Since the news broke in Nigeria of an Italian descent having the dreaded Coronavirus in Lagos, local businesses have suffered from low patronage. Fearful of contracting this contagious disease, many people are wary of visiting local markets and the free movement of people and goods, both nationally and regionally, has been severely reduced.
Frustration among small business owners is mounting and if the economic situation continues to break, and as desperation sets in, there is fear criminal activities will rise. Lagos State, which is known for its congested commercial activities became a no go area for traders from other states and countries. The popular China Town at Alapere in Lagos, which was the hub for traders and businessmen has been deserted over the last two weeks, based on the impression that every Chinese man is a potential carrier of the deadly corona Virus.
The grocery stores have suddenly fell short of hand sanitisers and nose masks due to the avalanche of demand cushioned by panic buying. A noise filter which was sold for N50 before the news of Coronavirus suddenly became N1,500, and one has to fight to get it from sellers whose stock are very limited. One may think that the impact of the social crisis is limited to a cross-section of the society, but the network of social and economic relation trickles down to the grassroots.
Street urchins and hawkers who sell water and beverages in the drive time traffic are also lamenting as the common consumers who hitherto could easily stretch out their hands from the commercial buses to buy a ‘Pepsi’ or ‘pure water’, as they are popularly called now fear the tendency of getting infected through the sweat of the road urchins. The fabrics sellers and party rockers are also not left out. China is the major marketplace where socialites get their various luxurious Aso-Ebi. China, which is the emerging point of the Corona virus, has been economically amputated as the trade activities has gone down. No good is coming in, and none is going out. This also affects the e-commerce dealers who posts, advertise and sell Chinese products online, such as home appliances, Human hair, mobile phones, fashion materials and kitchen utensils.
The businessmen who run sports viewing centres are equally counting their loses, as matches are being postponed at various league levels across Europe. The Seria A leagues have been slated to adopt indoor games, where no one will be allowed on the pitch except for officiating staff and teams. some matches have also been postponed until the tide of the coronavirus is stemmed. The outbreak of Coronvirus virus in Nigeria has captured attention—and stoked anxieties—around Nigeria. With 3,523 confirmed deaths and over 100,000 cases globally, it is the deadliest outbreak of the virus in history. The World Health Organization (WHO) and national governments have implemented surveillance, containment and quarantine measures in several countries. At the same time, global businesses are assessing how the outbreak may affect their ability to continue operations while also protecting the health and well-being of their employees. At the moment, most companies only face limited effects from the outbreak; though those operating in remote regions with high infection rates have had to take considerable precautions.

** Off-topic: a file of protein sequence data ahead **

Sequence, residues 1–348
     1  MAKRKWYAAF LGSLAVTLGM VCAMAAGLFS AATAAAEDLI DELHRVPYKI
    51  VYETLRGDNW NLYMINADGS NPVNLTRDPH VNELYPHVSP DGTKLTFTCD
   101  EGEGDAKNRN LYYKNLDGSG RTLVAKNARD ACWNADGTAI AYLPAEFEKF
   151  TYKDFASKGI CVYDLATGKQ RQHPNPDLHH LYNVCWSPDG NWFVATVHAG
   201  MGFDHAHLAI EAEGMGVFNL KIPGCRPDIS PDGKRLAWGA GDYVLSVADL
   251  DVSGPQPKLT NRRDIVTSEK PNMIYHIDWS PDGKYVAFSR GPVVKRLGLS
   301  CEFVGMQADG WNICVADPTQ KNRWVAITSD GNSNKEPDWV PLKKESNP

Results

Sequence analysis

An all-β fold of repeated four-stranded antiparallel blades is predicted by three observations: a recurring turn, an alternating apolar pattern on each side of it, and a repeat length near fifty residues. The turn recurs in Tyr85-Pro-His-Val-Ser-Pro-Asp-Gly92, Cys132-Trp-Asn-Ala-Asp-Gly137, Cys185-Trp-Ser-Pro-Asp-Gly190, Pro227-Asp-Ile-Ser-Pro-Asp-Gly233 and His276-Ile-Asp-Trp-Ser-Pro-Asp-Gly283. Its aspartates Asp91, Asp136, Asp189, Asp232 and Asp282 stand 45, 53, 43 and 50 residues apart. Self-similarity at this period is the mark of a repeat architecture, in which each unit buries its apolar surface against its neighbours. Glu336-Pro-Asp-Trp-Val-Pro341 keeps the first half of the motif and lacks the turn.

The WHO has not recommended any travel or trade restrictions on any of the affected countries. Instead, border closings and health screening requirements tend to be localized and restricted to majorly affected areas. However, airports welcoming long-haul flights from West Africa have shown heightened caution and may isolate passengers who demonstrate Corona Virus-like symptoms.
As the outbreak progresses over the next several weeks, businesses will likely feel an increasing impact. To date, the outbreak has been limited to Lagos and Ogun, with just one person infected; the Italian, who has also been reported to be in stable condition as and the time of the report.
Businesses may also be adversely affected should the outbreak lead to social or political unrest. Limited government and healthcare capacities in Lagos, combined with misunderstanding and stigma around the coronavirus, has aggravated public fear and frustration.
Although unrest remains a limited risk for businesses, companies should monitor the environments where they are operating for signs of growing instability.
For most global organizations, the likelihood that the outbreak will pose a major business interruption remains low. However, it does provide an opportunity to review business continuity plans.
Everything from travel security protocols to knowledge transfer systems to redundancy in supply chains can help organizations continue to function should Ebola—or some other disease—develop into a more substantial disruption.